40th Annual Symposium on American Indian is April 9-14 at NSU

(Tahlequah, Okla.)--Marking four decades of celebrating indigenous cultures and addressing issues affecting tribes, the 40th Annual Symposium on the American Indian is April 9-14 on the campus of Northeastern State University.

Preliminary symposium activities begin April 9, with the full schedule running April 11-14. This year’s theme is “The Journey of Sovereign Nations: Self-Determination and Human Rights.” The event is organized by NSU’s Center for Tribal Studies and the American Indian Heritage Committee.

"The symposium will reflect on four decades of change for American Indians from the 1970s revitalization of tribal governments to the more recent United Nations Declaration on the Rights of Indigenous Peoples," said Dr. Phyllis Fife, director of the Center for Tribal Studies. “The lineup of distinguished speakers represent leading scholars and professionals. Throughout the week of activities, the history, education, human experiences, the arts, social well-being and politics that impact tribal governments and indigenous peoples will be examined.”

Confirmed speakers for the symposium include Walter Echo-Hawk, Quinton Roman Nose, Marcella Giles, LeAnne Howe and Sterlin Harjo.

Echo-Hawk is an author and attorney. He has worked to protect the legal, political, property, cultural and human rights of Indian tribes and Native peoples. He will deliver the opening keynote address on “Implementing the U.N. Declaration on the Rights of Indigenous Peoples.” He is the author of "In the Courts of the Conqueror: The 10 Worst Indian Law Cases Ever Decided, " which will be the topic of his Wednesday afternoon session. Echo-Hawk is a citizen of the Pawnee Nation.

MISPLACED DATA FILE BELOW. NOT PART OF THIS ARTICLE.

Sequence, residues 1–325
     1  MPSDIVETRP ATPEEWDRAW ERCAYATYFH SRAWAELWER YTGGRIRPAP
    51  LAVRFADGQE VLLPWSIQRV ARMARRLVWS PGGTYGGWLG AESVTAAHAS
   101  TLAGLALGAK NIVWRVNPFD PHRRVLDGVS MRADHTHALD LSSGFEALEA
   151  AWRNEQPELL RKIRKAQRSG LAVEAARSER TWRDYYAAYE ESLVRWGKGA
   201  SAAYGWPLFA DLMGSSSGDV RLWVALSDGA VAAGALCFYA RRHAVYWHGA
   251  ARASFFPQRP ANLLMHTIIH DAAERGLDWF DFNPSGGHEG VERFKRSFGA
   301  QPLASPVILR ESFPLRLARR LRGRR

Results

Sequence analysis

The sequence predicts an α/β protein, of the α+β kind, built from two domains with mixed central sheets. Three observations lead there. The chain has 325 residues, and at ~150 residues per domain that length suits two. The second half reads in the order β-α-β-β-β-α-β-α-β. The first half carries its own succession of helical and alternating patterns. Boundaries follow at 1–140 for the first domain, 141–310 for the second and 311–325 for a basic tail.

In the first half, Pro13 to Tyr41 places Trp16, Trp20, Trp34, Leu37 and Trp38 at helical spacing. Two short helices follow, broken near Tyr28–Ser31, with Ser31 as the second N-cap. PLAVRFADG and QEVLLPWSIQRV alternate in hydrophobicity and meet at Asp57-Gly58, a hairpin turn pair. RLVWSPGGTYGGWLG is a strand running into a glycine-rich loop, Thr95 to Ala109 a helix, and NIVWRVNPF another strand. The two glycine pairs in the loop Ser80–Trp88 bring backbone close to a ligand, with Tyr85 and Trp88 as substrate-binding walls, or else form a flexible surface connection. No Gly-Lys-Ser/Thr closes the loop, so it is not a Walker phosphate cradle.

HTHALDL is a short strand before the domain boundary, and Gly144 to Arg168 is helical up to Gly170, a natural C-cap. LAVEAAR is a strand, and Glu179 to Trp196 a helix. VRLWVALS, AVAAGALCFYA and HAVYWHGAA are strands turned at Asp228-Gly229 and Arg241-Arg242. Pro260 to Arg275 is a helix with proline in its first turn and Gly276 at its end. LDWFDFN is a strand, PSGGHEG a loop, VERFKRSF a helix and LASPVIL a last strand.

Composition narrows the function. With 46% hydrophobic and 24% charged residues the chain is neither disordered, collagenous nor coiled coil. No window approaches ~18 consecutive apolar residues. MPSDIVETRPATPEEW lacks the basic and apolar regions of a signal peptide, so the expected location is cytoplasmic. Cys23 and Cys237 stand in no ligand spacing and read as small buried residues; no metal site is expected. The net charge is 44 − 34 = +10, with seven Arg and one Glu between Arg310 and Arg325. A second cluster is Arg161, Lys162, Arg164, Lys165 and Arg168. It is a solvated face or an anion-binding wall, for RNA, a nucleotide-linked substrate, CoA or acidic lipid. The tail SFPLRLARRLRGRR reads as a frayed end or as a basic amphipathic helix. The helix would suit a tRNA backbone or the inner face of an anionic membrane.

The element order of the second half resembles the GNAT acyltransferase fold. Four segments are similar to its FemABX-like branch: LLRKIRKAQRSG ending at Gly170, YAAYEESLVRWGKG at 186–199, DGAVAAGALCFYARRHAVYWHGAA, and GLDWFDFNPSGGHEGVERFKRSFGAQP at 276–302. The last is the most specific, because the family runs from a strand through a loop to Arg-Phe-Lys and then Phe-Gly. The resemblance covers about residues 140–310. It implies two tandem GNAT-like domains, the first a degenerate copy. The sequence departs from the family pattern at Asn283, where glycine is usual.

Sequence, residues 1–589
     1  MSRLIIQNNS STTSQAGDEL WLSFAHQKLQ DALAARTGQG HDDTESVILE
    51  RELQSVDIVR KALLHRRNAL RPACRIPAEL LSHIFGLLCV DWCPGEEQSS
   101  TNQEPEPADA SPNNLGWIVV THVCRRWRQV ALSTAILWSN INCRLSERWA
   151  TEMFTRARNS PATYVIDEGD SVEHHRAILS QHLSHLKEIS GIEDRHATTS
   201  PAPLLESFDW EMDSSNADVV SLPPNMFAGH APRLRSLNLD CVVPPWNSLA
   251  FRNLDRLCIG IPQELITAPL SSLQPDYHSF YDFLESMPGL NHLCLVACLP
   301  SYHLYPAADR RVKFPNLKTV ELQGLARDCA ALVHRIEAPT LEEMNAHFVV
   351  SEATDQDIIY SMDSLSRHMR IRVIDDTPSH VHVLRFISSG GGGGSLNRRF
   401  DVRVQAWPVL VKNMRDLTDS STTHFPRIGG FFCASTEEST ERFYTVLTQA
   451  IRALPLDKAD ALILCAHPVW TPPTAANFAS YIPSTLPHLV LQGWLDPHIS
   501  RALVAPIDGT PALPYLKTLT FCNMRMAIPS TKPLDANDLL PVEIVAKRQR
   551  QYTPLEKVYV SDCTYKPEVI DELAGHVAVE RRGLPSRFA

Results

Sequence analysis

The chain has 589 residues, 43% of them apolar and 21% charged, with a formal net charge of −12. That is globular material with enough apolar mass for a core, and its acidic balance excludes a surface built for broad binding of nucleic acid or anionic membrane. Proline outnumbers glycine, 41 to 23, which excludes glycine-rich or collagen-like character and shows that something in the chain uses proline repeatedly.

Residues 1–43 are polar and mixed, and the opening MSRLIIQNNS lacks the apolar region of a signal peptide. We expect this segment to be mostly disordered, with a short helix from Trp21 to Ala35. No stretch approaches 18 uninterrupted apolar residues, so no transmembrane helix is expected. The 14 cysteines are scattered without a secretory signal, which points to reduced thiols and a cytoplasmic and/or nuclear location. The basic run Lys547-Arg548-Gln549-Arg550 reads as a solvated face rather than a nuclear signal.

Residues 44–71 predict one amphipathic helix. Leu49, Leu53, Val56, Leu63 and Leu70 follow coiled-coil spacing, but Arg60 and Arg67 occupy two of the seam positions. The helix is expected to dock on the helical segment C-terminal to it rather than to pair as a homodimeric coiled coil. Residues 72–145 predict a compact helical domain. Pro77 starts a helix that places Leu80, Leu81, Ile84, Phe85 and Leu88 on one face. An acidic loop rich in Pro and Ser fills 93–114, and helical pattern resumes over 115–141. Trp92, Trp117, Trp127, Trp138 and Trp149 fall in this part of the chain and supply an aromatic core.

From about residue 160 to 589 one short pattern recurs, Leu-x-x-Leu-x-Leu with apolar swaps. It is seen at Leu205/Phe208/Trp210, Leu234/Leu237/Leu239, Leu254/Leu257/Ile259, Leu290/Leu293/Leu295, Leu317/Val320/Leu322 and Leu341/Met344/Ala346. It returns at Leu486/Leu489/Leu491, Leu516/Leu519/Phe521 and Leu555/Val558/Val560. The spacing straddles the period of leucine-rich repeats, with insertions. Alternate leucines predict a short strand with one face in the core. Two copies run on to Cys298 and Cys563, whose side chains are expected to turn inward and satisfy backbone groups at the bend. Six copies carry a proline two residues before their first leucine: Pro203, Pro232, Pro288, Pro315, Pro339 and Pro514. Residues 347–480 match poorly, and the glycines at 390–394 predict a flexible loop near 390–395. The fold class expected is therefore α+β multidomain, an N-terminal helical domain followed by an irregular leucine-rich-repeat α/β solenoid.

Roman Nose served as the education director of the Cheyenne and Arapaho Tribes of Oklahoma. He helped develop the Cheyenne and Arapaho Tribal College on the campus of Southwestern Oklahoma State University in Weatherford. He currently serves as president of the National Indian Education Association. Roman Nose will speak on the Indian Education Act and the involvement of the NIEA in the professional development of teachers and other educators, and as a voice for improvement of education delivery for Indian children and adults. He is a citizen of the Cheyenne and Arapaho Nation.

Giles has served as attorney general for the Muscogee (Creek) and Seminole nations. Now in private practice, she is a consultant on trust reform for the Intertribal Monitoring Association on Indian trust funds. She will deliver an address on Indian land rights and trust issues. Giles, a citizen of the Muscogee (Creek) Nation and Oklahoma native, has held positions with the U.S. Department of Justice and the U.S. Department of the Interior. Her legal experience included cases involving individual Indian allottees in federal and state courts and Individual Indian Money (IIM) account holders in eastern Oklahoma for oil and gas issues. She is involved with cultural resources protection, economic development and environmental compliance.

LeAnne Howe is an author, playwright and scholar at the University of Illinois at Urbana-Champaign where she teaches American Indian Studies, literature, film studies, performance and Indigenous theater. An award winning author and poet, she was selected as the John and Renee Grisham writer-in-residence at the University of Mississippi at Oxford for 2006-2007. She also wrote and narrated a PBS documentary, “Indian Country Diaries: Spiral of Fire” in 2006, and co-wrote, with James Fortier the documentary “Playing Pastime: American Indian Fast-Pitch Softball,” and “Survival.” Her book “Miko Kings: An American Indian Baseball Story” (2007) examines the roots of American baseball.